Likewise, you may find an employee is too anxious about the spread of infection that they aren’t comfortable coming into the workplace. If this is the case, consider how else you might help them. Consider allowing them to work from home, either full-time or part-time. Decisions like these don’t hinder the progress of your business and improve the inclusiveness of your business.
Also, if you receive feedback from employees that inform you of things that aren’t working or ways to improve certain processes, then make changes to suit their needs.
Tips on Returning to Work for Employees
Keep In Touch With Colleagues
Keep in touch with your fellow employees and social media can be a great way to do this. It keeps you up to date with the changes happening in the company day-by-day and makes it easier to acclimate when you return.
Catch Up with Training
If there’s any training that you’ve missed try and catch up before you go back to work. If it can be done remotely, attempt to complete it within a few days of returning so that you’re not behind before you return. However, if this is not something that can be completed at home it is best to try and get it done on your first couple of days back. This means that you’ve taken the initiative to catch-up and it will make you feel more confident about your return.
Ask About Specialist Support Services
You may find it useful to find out whether the company you work for can offer you any Specialist Support Services, that can help you whilst you acclimate to the work environment. If these kinds of services are available to you, then use them, that’s what they’re there for! Particularly, if you feel you need someone to talk to about your concerns or if you need to put in place a more supportive system to help settle you in. It’s never a bad thing to ask for help when you need it.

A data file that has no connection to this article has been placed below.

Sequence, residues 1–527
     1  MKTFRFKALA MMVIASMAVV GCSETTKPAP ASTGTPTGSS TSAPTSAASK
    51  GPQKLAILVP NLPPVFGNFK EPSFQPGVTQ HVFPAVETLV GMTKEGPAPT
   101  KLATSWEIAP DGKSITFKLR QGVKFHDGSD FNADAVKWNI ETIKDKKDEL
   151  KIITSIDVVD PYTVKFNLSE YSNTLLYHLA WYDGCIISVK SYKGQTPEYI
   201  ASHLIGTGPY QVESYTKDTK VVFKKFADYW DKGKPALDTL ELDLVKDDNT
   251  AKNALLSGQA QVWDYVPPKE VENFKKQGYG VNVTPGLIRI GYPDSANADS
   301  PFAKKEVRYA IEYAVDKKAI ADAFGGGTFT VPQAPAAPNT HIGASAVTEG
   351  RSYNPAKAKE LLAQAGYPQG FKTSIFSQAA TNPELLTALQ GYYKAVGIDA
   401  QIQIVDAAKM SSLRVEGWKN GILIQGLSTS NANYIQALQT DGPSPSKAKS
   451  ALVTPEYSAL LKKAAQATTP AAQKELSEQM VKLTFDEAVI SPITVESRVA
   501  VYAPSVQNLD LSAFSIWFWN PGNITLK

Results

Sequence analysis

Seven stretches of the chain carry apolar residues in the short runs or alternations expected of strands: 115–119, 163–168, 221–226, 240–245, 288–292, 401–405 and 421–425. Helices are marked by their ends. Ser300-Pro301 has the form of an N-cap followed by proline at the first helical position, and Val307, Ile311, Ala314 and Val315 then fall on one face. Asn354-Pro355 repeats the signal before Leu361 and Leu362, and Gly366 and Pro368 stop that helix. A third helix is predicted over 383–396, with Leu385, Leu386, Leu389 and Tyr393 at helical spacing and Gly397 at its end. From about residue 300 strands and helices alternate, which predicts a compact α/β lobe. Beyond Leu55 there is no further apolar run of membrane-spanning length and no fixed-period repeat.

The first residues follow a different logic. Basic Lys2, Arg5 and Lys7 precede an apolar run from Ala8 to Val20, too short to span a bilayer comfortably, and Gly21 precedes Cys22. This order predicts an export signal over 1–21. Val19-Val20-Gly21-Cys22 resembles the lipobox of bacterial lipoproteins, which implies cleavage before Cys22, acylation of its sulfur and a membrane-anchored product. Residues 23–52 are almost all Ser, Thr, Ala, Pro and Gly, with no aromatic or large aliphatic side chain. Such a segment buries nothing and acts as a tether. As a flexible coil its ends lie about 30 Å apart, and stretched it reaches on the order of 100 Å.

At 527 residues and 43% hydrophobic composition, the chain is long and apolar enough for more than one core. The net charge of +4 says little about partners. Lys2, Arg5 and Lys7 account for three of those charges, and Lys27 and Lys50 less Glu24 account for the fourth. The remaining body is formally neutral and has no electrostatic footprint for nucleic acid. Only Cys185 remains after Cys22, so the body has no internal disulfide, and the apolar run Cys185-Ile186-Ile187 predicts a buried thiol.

Regular Catch Ups with your Manager
Take the initiative to schedule in catch-ups with your manager. Short of a therapy session, this means that you can let them know of any concerns you may have but also give them the opportunity to support you. Let them know what you’re finding helpful or difficult and let them suggest ways that you can change it.
Use this opportunity to develop a wellness plan with your manager, which are an easy, practical way of helping to support your mental health at work.
Tidy Your Workspace
For some, tidying your workspace is great way to start the day off well. It clears your desk and allows you to prioritise your day. If you have overflowing mail and documents that have landed on your desk over your time off then take the opportunity to see what needs your attention first.
Make a List
Another way of sorting your priorities is to make a list of those things that need to be completed more urgently. Make a list of prioritised task and complete them one at a time. This is a way to reduce the stress induced by the amount of work that you come back to on your return.
Give Yourself a Break
Don’t put too much pressure on yourself to do too much too quickly. By thinking about the tips we’ve given above and prioritizing your time well, you will be focused and working more efficiently. Don’t panic about the amount of work to be done and finish on time, to come back to your list the following day.
Returning to work for whatever reason can be daunting, but there are things that organizations and individuals can do to help make the transition period easier and more comfortable. It’s important that an employee feels supported when coming back to work, especially now with a global pandemic changing the way workplaces are functioning.